NATO to take cyber-defense on agenda as threat grows
BRUSSELS - Agence France-Presse
NATO defense chiefs will meet this week in Brussels to review measures on how to protect members from cyber attacks amid growing threat posed by cyber-attacks, many blamed on ChinaDefense ministers from NATO’s 28 member states meet June 4. with cyber-defense top of the agenda, amid concerns about the threat posed by increasing cyber-attacks, many blamed on China.
“The challenge evolves all the time, probably (much faster) than any other type of threat we face at the moment,” said one senior NATO official who asked not to be named. “We have to make certain that NATO keeps pace with the threat,” the official added, looking ahead to the meeting June 4 and 5.
Newly appointed U.S. Secretary of Defense Chuck Hagel, who will be attending his first NATO meeting since taking office, has made the issue a priority.
In Singapore on June 1 he accused China of waging cyber-espionage against the U.S. after a U.S. report found evidence of a broad Chinese spying campaign against top U.S. defense contractors and government agencies. “The United States has expressed our concerns about the growing threat of cyber intrusions, some of which appear to be tied to the Chinese government and military,” he told an annual conference known as the Shangri-La Dialogue.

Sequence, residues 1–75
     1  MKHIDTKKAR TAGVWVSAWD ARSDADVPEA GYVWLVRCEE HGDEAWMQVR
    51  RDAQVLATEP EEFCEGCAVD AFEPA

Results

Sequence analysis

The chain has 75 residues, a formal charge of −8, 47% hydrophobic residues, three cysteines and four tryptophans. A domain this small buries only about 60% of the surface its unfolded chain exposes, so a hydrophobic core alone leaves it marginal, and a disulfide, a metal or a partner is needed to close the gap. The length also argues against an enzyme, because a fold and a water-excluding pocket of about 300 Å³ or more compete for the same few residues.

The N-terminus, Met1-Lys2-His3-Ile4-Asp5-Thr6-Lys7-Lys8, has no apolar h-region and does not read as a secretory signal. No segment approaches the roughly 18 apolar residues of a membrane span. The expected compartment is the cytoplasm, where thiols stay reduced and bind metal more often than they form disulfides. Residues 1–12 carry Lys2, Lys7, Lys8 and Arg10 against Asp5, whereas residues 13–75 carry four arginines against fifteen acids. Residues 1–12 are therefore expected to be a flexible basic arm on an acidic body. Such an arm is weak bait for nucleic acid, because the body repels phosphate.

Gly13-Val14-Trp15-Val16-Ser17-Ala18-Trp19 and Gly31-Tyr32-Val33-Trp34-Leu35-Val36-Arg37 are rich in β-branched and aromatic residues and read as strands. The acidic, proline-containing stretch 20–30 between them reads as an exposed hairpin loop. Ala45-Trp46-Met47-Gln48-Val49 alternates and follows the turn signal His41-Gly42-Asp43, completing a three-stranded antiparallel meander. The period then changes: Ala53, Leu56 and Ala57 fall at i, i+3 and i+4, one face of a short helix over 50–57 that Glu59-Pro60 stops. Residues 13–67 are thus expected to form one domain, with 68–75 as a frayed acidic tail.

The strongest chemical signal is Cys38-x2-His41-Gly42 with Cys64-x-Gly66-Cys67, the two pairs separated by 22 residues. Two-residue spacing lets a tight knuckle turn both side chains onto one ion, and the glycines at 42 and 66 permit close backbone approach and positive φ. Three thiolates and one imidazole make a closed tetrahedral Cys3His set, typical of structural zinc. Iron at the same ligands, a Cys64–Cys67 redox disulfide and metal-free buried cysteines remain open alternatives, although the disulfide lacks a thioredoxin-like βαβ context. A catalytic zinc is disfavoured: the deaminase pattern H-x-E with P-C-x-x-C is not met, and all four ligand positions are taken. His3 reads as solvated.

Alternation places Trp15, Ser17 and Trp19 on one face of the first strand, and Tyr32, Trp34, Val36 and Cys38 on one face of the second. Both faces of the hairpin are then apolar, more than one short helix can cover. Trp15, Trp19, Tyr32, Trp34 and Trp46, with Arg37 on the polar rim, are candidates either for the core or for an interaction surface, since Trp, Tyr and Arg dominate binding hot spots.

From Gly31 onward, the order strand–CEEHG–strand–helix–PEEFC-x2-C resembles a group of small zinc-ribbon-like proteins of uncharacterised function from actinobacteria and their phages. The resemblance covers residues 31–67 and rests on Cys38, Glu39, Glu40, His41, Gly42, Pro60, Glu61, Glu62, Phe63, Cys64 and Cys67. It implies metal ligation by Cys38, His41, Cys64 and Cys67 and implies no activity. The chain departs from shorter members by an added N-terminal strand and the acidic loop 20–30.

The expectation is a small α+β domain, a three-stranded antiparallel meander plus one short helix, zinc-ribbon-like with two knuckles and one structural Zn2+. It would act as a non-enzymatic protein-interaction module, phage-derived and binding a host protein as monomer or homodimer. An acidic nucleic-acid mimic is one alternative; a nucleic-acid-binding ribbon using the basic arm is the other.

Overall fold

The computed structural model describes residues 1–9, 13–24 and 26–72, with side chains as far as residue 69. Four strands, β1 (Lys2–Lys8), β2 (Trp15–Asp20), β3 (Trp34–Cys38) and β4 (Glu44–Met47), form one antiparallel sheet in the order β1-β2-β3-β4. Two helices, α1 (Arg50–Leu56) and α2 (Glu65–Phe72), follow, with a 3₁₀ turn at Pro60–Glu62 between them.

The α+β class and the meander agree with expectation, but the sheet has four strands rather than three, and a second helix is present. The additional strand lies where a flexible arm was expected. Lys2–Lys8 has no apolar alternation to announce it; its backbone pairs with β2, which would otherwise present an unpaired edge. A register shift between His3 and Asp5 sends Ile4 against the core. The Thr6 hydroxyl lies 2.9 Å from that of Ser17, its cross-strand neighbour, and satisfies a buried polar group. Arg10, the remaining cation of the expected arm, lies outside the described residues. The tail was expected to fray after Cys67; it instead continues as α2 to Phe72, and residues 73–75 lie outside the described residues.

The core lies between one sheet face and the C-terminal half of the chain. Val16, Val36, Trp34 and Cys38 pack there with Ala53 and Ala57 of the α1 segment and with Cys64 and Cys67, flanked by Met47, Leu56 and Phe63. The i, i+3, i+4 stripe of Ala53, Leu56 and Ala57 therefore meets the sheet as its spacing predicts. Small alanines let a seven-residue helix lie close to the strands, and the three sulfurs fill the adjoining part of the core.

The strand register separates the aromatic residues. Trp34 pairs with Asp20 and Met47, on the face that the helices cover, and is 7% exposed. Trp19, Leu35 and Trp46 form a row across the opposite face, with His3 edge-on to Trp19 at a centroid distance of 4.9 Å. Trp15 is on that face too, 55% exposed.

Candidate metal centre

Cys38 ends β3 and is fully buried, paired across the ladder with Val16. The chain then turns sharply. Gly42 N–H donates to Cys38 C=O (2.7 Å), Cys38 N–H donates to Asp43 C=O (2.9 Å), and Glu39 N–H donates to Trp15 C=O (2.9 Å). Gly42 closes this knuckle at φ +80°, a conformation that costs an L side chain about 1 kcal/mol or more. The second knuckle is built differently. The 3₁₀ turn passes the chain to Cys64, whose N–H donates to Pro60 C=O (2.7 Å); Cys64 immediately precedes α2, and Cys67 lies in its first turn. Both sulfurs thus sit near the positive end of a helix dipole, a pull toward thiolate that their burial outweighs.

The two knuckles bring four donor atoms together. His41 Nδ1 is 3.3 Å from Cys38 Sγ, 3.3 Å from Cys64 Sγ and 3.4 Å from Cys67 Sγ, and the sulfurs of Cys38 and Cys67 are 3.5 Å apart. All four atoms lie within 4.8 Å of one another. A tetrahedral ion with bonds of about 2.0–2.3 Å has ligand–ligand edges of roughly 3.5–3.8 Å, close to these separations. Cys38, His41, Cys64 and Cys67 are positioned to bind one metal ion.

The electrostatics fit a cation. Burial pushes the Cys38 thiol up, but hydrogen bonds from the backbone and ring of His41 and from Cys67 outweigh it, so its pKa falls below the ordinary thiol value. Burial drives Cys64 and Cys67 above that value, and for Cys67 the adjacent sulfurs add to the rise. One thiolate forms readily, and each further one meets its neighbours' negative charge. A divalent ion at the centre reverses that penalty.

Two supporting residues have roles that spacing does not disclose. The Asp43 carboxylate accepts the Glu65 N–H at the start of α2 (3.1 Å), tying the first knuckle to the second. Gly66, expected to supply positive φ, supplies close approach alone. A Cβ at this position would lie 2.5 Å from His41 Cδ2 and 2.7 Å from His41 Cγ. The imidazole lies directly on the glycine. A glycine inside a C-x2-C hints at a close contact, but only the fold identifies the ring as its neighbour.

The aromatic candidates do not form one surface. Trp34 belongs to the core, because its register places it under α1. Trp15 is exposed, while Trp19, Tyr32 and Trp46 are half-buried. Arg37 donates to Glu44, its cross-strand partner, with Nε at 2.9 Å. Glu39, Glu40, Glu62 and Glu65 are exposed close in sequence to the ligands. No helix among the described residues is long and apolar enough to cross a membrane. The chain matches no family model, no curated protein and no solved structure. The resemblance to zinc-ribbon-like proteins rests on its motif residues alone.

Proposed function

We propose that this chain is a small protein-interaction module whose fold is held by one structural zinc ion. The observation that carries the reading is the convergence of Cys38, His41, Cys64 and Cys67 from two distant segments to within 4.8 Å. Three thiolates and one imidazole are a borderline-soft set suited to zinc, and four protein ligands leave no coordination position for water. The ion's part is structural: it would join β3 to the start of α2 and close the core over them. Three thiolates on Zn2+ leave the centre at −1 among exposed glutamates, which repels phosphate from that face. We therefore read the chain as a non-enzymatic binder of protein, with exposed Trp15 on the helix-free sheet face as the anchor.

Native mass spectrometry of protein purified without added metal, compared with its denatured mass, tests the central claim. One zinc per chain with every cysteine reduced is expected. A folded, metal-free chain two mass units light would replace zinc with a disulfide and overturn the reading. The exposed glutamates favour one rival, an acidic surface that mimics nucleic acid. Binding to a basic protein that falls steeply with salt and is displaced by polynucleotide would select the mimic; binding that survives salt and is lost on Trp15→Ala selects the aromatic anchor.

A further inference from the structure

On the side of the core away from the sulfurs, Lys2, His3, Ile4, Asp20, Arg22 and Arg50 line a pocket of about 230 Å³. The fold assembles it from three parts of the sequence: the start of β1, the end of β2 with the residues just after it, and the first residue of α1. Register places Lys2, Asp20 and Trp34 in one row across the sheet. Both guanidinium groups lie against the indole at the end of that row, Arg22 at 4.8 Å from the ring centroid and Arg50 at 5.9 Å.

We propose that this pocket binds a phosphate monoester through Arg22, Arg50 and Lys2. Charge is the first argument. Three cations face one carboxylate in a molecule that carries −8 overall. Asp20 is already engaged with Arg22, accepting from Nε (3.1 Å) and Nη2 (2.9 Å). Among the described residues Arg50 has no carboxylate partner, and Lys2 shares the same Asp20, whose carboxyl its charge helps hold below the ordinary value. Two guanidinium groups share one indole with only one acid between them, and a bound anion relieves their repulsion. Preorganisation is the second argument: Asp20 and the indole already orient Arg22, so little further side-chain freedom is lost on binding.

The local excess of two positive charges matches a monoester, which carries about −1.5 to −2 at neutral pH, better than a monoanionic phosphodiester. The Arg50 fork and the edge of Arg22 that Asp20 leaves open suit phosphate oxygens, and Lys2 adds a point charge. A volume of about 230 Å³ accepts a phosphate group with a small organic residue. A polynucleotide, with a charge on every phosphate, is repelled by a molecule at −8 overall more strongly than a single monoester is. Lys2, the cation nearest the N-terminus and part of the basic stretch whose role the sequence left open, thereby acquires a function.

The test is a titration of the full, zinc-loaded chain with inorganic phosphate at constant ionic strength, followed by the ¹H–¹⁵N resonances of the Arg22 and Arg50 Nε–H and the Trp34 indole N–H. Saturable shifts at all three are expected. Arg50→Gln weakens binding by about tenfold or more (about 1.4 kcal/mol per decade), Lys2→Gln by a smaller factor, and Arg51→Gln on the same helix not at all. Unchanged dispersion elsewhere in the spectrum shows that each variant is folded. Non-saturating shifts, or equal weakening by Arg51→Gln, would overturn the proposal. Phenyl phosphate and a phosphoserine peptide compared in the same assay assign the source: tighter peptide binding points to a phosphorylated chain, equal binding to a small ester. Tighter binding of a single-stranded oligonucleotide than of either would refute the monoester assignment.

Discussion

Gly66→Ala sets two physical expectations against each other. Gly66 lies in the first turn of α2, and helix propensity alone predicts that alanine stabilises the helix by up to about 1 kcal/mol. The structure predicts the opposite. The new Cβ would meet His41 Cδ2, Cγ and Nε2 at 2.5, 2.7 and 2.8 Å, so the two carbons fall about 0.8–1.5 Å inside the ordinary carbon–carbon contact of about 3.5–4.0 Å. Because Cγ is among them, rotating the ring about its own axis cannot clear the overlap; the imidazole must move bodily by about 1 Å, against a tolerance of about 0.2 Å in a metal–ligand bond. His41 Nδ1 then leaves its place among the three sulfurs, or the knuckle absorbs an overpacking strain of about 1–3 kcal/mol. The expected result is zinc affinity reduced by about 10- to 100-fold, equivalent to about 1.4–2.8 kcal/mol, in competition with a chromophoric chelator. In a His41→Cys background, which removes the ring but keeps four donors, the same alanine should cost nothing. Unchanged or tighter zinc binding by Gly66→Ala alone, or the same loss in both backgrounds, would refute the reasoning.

Hagel pressed Beijing to adhere to “international norms of responsible behavior in cyberspace,” while acknowledging that the establishment of a joint cyber security working group was a positive step in fostering dialogue. NATO head Anders Fogh Rasmussen made clear earlier this year that cyber-security is a key issue. The U.S.-led military alliance had been forced to upgrade its defenses after several attacks, among them by Anonymous, the hacker group, he said.
The senior NATO official said the alliance would from this year fix cyber-defense benchmarks for member countries. The exercise is aimed at protecting information networks, the electronic nervous system at the heart of modern warfare, the official said.
There is no intention to develop “offensive capacities,” the official said, adding that of NATO’s 28 members, 23 have already signed up to exchange information and help in the event of a cyber-attack. One diplomat noted that NATO had a special problem because, just as in conventional warfare, some member “states absolutely do not have the same capabilities as others.”
Some have minimal defenses while others, including the United States, commit major resources to the problem, but may not always be ready to share their expertise, the diplomat said. Defense ministers will also discuss Afghanistan.